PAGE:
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No. 98 1973

 

 

EDITORIAL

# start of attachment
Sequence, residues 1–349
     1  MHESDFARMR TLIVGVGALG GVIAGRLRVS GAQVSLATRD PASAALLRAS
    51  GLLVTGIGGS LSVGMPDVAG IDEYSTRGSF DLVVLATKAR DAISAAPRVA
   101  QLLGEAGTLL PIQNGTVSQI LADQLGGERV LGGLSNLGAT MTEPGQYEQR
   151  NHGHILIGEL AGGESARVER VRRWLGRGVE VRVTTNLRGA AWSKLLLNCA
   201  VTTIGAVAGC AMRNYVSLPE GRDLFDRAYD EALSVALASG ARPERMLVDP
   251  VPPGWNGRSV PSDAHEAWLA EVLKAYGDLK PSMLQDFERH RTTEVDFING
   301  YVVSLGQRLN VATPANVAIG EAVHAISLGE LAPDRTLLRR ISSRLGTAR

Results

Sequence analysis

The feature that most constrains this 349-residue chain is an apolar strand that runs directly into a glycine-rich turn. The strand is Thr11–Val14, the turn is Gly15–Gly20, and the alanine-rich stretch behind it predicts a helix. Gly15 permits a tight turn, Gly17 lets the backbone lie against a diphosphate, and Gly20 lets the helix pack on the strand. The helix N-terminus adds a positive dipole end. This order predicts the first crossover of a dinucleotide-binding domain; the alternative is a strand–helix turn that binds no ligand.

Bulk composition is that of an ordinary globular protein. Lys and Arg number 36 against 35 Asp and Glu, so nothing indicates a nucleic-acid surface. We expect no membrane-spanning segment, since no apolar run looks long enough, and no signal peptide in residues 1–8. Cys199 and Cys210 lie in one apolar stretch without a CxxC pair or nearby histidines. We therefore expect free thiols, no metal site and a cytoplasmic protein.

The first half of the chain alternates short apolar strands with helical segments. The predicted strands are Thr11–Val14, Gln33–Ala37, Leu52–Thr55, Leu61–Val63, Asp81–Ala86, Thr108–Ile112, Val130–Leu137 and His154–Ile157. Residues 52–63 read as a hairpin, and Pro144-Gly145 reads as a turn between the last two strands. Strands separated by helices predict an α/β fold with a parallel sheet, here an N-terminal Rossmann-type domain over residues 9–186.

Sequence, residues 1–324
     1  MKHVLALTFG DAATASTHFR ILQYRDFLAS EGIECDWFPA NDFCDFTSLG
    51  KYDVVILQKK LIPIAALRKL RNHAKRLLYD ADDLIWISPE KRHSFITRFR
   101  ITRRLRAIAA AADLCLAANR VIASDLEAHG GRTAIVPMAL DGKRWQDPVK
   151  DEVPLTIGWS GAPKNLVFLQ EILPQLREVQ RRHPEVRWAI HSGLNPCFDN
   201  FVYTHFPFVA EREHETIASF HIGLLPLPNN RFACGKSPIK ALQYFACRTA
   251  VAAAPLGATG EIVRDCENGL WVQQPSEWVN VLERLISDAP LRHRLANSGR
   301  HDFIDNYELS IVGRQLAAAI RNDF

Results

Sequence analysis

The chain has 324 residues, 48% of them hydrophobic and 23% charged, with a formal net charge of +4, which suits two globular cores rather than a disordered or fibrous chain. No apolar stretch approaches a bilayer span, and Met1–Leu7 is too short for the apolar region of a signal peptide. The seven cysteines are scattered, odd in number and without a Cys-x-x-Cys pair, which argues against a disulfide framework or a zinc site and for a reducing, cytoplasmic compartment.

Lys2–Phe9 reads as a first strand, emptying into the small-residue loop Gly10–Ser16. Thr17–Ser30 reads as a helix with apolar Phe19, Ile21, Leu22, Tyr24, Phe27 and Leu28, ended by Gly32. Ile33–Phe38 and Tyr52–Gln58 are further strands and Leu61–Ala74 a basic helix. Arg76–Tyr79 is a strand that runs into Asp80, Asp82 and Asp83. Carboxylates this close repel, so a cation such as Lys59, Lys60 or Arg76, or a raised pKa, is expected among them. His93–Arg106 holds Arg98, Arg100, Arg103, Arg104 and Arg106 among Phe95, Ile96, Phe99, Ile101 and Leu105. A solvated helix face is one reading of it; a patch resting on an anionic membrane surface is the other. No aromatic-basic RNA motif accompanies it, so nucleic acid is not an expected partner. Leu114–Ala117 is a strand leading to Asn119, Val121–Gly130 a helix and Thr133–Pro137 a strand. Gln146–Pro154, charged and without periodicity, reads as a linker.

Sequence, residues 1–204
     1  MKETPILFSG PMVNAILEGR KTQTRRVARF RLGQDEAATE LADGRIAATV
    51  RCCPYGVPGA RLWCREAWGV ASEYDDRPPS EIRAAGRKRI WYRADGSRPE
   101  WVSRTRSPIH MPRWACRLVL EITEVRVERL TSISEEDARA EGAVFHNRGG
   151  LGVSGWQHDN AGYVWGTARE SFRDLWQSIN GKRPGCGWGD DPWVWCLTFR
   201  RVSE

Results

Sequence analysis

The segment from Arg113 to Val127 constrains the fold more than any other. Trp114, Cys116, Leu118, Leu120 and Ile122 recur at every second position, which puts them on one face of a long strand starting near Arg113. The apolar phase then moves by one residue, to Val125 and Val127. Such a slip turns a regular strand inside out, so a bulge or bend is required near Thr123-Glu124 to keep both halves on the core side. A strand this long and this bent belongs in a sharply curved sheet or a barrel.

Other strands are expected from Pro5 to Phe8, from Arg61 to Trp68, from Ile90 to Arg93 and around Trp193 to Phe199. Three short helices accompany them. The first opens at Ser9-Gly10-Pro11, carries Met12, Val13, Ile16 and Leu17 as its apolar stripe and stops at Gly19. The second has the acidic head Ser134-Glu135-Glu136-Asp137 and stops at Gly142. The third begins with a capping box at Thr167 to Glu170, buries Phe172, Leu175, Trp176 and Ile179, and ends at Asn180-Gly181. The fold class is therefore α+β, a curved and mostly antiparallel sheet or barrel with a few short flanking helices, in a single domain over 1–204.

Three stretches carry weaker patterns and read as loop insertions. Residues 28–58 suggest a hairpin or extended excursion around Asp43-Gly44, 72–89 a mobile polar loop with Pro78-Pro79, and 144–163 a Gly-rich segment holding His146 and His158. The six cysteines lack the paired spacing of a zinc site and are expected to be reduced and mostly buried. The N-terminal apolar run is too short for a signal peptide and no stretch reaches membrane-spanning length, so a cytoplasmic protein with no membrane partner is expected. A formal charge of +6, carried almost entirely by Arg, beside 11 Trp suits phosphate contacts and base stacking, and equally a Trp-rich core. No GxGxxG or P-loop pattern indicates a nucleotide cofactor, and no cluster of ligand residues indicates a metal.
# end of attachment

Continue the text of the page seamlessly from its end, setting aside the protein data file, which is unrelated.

As Monoux moves out of the period of transition from Grammar to Comprehensive, so too does the school move away from the difficulties that have arisen during this period of change. Without the barrier that existed at the integration of, mainly, Warwick and Chapel End boys into a school where they were naturally regarded as "outsiders" by Monoux grammar school boys, the school can settle down once more to the unity it has previously enjoyed. Signs of this unity have already been seen as Monoux emerges as a progression from the lower schools, rather than as the lesser of two evils. Similarly, in the upper school, the revival of many clubs and societies signifies the general move away from the apathy, which the transition period had bred. As an example of this, the revival of an old Monoux tradition, the Rag Concert, serves well. Hailed as "the best ever", the revived Rag Concert brought the whole school together in a way too long absent. Engineered by the Upper Sixth and enjoyed by the rest of the school, this event must surely be continued in future years. With unity of purpose must inevitably come the strength of success, both academic and sporting, that has been enjoyed by Monovians last year, and must stand as the ultimate assessment when judging the standard attained within the school in 1973.